Monday, November 24, 2008

Let’s Talk Turkey

There are as many ways to roast a turkey as there are cooks (and turkeys). I’ve done it in many different ways and here’s one that works well for me.

I start with a fresh turkey, which means I don’t have to battle it in the kitchen sink.

I stuff mine, although I know NO ONE else does. Whether you cook your turkey unstuffed or stuffed, put a little something under the skin. It gives a lot of extra flavor and helps to keep the breast moist. You can use herb butter, plain butter or in a healthier vein, orange slices are a beautiful alternative.

I put STUFFING under the skin. That way, each breast piece – sliced crosswise – has a bit of bonus stuffing with it.

This is my stuffing recipe. It’s a good one.

After I’ve stuffed the turkey in various places and sewed and tied it up, I’m ready to go.

Roast Turkey (serves 15)
(Thank you Julia, Mom and Joy of Cooking)

16 to 20 pound turkey, stuffed and trussed

2 tablespoons butter
2 tablespoons olive oil
stock for the bottom of the pan
1 cup diced onions
1 cup diced carrots
12 Lady Apples

Preheat oven to 325°F.

Melt butter and olive oil together in small saucepan. Rub that all over the bird, on all sides. Season with salt and pepper. Place on rack in roasting pan and slide into the oven.

After 30 minutes, add a cup or two of stock to the pan. Add a little more stock every 40 minutes or so. You don’t even have to cover the entire bottom of the pan. You just don't want the bottom to burn.

1½ hours before the end of roasting time, add 1 cup of diced onions and 1 cup of diced carrots to the roasting pan under the rack. Place Lady Apples around turkey. (They can be on the rack.)

When the breast is nicely browned, cover it with foil. Baste or don’t baste, it doesn’t matter, just check every once in awhile that the bottom has some liquid in it. Add stock, if you need to.

Cook a 16 to 20 pound stuffed bird for approximately 5ish hours. Every part of the bird should register 165 degrees, including the stuffing.

Remove turkey from the oven. TURN IT UPSIDE DOWN. That is my super duper special secret tip. It’s not easy, but just devote 2 pot holders that you can wash fifty times to the task. Remove Lady Apples from pan and set aside. Strain all the vegetables, drippings and stock into a large measuring pitcher to use as the base for gravy.

Cover turkey well with foil and let sit for at least 15 minutes. Cut all the strings off and remove. Remove the stuffing from the 2 openings (not from under the skin). Slice off the legs. Cut off the breasts in one piece from each side of the turkey’s backbone. Slice them crosswise. Cover with foil until ready to serve. Garnish with Lady Apples.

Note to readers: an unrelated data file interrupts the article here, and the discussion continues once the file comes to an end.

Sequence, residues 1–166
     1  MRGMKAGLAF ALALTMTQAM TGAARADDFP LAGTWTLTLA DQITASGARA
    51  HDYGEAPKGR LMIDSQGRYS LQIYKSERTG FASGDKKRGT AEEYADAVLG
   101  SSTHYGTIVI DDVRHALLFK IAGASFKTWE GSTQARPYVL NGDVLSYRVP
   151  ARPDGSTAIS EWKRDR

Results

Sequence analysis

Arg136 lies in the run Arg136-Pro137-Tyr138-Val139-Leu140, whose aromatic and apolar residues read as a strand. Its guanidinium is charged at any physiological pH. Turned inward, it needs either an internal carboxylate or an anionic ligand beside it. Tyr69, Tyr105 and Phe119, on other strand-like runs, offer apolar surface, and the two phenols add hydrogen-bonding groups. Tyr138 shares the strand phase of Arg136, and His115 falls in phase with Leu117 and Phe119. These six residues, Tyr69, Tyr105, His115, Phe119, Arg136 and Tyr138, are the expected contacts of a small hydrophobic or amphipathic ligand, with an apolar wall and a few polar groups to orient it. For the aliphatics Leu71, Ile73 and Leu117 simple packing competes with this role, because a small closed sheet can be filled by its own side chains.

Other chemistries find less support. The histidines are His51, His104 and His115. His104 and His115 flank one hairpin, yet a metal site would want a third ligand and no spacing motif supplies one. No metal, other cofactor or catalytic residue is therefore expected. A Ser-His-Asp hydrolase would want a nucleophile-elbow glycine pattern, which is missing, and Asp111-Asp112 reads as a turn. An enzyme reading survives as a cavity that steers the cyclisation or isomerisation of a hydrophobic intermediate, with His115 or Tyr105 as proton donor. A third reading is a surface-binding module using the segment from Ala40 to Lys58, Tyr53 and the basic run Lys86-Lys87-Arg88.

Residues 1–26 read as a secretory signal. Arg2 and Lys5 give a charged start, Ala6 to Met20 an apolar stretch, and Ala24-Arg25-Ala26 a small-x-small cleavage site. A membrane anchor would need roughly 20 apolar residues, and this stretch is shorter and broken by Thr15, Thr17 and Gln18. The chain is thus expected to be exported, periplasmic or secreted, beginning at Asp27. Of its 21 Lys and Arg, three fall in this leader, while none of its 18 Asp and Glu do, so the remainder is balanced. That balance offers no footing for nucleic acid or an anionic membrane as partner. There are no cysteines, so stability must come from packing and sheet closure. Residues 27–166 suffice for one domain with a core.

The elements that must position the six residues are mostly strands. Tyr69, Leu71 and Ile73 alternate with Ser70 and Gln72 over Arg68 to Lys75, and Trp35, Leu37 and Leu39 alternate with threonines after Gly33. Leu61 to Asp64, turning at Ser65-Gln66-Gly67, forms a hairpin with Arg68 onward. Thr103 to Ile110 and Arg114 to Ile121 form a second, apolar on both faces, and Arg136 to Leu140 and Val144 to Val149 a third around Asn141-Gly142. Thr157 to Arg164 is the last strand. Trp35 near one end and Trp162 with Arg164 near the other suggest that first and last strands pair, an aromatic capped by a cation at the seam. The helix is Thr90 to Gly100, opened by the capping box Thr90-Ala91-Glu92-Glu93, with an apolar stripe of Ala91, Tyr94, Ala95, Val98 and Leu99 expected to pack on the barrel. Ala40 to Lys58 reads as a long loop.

The Short (dis)Order Cook said...

I get quite a bit of teasing from my photo from last year of the upside down turkey, but when I tell people why I did it, they are so grateful for the tip!

Ramya Vijaykumar said...

Wish I stayed back for Thanksgiving and make them... Lovely recipe...

Michelle said...

You've been tagged! :-)

Andiclare said...

Hey Sue,

I've read in a couple posts already about this upseide-down turkey thing. But I haven't yet read why exactly you do it this way. (I might have missed it though, it's been known to happen...) So, why flip it upside down? Should I do it for a certain amount of time or all the way till carving? And will it work if I'm just doing a roasted turkey breast for a small group? Thanks! :)

Adam said...

Hey good call on my profile changing, I completely forgot about that, thanks!

Nice tips on the turkey roasting. I've never heard of putting stuffing under the skin, and turning a turkey upside down. You're quite adventurous, Sue.

DebCarol said...

I am going to be a guest at my niece's house this year so I don't know if she will have an upside down turkey (although she did graduate from CIA so who knows!). I am baking pies to take, traditional Apple and Steusel-Topped Pumpkin. Happy Thanksgiving everyone!

Sue said...

Hey All,
Have a wonderful holiday and tell us EVERYTHING after it's all over.

Quick answer to Andiclaire,
You flip the bird (I just HAD to say that) so the juices run into the breast and give you a moister turkey. As soon as the turkey, or just the breast, comes out of the oven, flip it and cover it with foil until you're ready to carve it.


Anonymous said...

Next time you should go with the Turducken, it is a blast.